Story of Naga Club and Simon Commision Petition
By Thepfulhouvi Solo
The Naga Club changed the History of the Naga. Many Writers have written about it, some overdosed, others underdosed. This Writer makes an attempt to bring it out ‘it is as it is’ for future generations to reminiscence it. If you like read on.
I. FORMATION OF NAGA CLUB
Many Naga assume the Naga Labor Corp that went to Europe in 1917, on their return at the end of the World War I, 1914-1918, organized the Naga Club.
Dr. Khosa Zinyü was the highest ranking Naga Officer that went with the Naga Labor Corp, his younger son Late Jasokie Zinyü, former Chief Minister of Nagaland told this Writer:
“The idea of forming a Naga Club was formed after seeing the European Club at the Town Hall Kohima, where all the white People in the HQ in those bygone days used to gather every evening for Drinking, Dancing, Singing and spending their leisure together in recreation”.
The building originally belonged to the Assam Rifles who had their Canteen in it. The erstwhile Doss & Co, then Government Provision Suppliers rented the Building and supplied the Drinks and Provisions the Club required.
“No Non-Whites, -Indians or the Naga- were ever allowed into the Club. It was exclusively for the Europeans only. The Native Government Servants took the cue to form a similar native Body”.
It is said Rheichalie Pienyü Peshkar (JH. Hutton wrote his name Hrichalie, later Copiers Hisale; translated some Aesop Fables in Angami first used as Primary School Book) of the DC Office was one of the first to moot the Idea of the Native Government Servants forming a Naga Club, -not the Naga Labor Corp Returnees. None of the Returnees except Dr. Khosa and Nikhriehu Peseyie are found in the list of the signatories to the Simon Commission Petition.
After their return, the Corp Members each walked to their own various Villages and understandably did not have much contact with each other to discuss forming a Body in those blissful simple days of ignorance.
The Naga Labor Corp that went to Europe in support of the allied War affords, dug Trenches, collected left-over ammunitions, empty Shells, Arms, dead bodies, carried abandoned materials, Boots, Helmets etcetera and did all the works of cleaning the litters of the War in the battle field, than did sight-seeing in France.
When Dr. Khosa Zinyü of Khonoma Village left, he had just immediately before married his wife who arrived in their house a clean shaven young girl in the tradition of the Angamis. In days of yore the shrewd Angami did not immediately live as husband and wife for a few months after marriage to ensure production of his own pedigree only!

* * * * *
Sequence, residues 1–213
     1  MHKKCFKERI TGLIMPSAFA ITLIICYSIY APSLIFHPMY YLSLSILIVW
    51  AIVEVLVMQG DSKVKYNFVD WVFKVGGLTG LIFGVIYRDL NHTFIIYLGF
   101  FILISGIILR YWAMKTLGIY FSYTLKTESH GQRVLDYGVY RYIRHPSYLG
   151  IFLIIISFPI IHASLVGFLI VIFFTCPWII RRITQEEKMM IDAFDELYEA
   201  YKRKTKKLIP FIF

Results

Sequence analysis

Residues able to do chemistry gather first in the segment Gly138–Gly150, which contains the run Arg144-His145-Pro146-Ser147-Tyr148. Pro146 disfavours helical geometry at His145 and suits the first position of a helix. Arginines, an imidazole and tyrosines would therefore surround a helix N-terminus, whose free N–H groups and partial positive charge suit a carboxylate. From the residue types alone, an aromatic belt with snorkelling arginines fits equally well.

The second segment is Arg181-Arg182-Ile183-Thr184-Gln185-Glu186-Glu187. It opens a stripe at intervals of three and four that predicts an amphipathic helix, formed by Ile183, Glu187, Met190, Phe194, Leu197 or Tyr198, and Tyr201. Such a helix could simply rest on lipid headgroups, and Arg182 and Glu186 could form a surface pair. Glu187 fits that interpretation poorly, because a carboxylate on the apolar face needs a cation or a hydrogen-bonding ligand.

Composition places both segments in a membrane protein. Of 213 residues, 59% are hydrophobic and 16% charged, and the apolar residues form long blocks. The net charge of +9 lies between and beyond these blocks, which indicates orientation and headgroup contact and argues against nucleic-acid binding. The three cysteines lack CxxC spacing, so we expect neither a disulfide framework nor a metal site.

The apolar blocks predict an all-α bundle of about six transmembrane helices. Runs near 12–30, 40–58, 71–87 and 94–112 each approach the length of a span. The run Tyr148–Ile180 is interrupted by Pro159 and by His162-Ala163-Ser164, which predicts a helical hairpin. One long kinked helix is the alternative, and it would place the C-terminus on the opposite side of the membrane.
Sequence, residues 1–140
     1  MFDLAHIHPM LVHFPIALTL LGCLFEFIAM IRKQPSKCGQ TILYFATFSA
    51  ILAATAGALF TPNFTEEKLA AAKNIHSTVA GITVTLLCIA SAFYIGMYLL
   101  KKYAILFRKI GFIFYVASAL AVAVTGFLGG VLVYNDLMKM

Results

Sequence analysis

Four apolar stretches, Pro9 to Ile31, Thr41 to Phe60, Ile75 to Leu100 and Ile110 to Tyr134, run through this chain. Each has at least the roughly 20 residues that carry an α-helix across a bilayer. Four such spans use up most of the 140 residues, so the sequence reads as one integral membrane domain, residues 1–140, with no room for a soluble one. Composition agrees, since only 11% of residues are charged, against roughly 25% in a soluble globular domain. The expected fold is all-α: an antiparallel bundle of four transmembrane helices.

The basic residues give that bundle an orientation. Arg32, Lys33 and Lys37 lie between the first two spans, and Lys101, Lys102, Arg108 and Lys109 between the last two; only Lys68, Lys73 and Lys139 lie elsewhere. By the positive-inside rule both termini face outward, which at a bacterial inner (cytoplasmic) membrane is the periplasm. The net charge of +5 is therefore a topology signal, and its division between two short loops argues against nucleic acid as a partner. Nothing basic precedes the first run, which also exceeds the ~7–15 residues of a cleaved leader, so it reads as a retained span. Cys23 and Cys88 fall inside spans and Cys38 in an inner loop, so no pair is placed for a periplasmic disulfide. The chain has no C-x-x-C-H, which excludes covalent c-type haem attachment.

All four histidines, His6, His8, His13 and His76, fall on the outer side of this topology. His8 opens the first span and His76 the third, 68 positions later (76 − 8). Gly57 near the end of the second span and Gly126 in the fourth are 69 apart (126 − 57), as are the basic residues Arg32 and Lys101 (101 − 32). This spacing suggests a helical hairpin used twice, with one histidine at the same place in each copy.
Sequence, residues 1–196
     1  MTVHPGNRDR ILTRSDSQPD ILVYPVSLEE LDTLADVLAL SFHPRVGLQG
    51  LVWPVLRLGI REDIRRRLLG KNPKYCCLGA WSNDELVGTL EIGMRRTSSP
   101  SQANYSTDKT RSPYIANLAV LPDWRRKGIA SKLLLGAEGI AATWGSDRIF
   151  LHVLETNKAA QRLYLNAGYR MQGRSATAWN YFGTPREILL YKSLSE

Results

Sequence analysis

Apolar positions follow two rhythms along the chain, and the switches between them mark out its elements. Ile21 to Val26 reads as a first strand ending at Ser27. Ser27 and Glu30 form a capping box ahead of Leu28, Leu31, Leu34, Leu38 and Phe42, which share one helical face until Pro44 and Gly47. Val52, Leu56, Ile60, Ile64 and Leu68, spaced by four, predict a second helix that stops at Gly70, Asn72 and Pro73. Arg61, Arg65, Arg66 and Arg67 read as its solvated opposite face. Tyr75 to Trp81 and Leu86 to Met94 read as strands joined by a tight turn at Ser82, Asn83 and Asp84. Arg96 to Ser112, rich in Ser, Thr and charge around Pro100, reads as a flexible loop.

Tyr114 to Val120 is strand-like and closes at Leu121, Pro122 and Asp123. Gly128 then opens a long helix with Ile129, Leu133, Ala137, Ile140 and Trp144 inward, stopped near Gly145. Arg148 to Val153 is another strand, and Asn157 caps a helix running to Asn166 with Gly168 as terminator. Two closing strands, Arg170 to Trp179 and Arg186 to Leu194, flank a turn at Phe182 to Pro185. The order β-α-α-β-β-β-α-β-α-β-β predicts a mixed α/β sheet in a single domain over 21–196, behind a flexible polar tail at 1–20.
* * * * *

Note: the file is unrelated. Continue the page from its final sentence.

After the War Dr. Khosa was taken to England and worked there for quite some time before he returned back. When he came Home, he found one young girl with long hairs doing various chores in the House. Khosa asked his mother who the young Lady was and she said: “she is your Wife!”
Doctor Khosa must have been paid very handsomely in the UK, he was a very generous Man and on his return to Kohima presented Rs. 13/-, -a very big sum in those days- to each of a few of his close friends including my father.
Khosa’s Parents were Pagans and once earlier he was in his Village for performance of an important Angami religious Rites for charmed good life that prevented him to go up to Kohima and attend the Baptism Program the Missionary had arranged. Khosa missed the occasion and never after took Baptism. At Heart Khosa appeared no less Christian and my father presented him a Bible.
Another educated Member of the Labor Corp was the well known first generation Naga Student in Shillong, Mr. Guizao Meru of Nakama Zeliang Village. He was the 1st Head Master of the Impur Mission School. He died at Impur in 1918 of the serious Influenza epidemic they contracted in Europe.
Naga Hills contributed 2000 Labor Corp force and out of the total, some 1000 were from the Sümi Community. The Group that went to their Villages through Kohima was a big group and many were suffering from the deadly influenza. They camped below Meriema on Kohima-Wokha Road near present Assam Rifle Station. It is said so many of them were suffering that there were not enough to even burry the dead.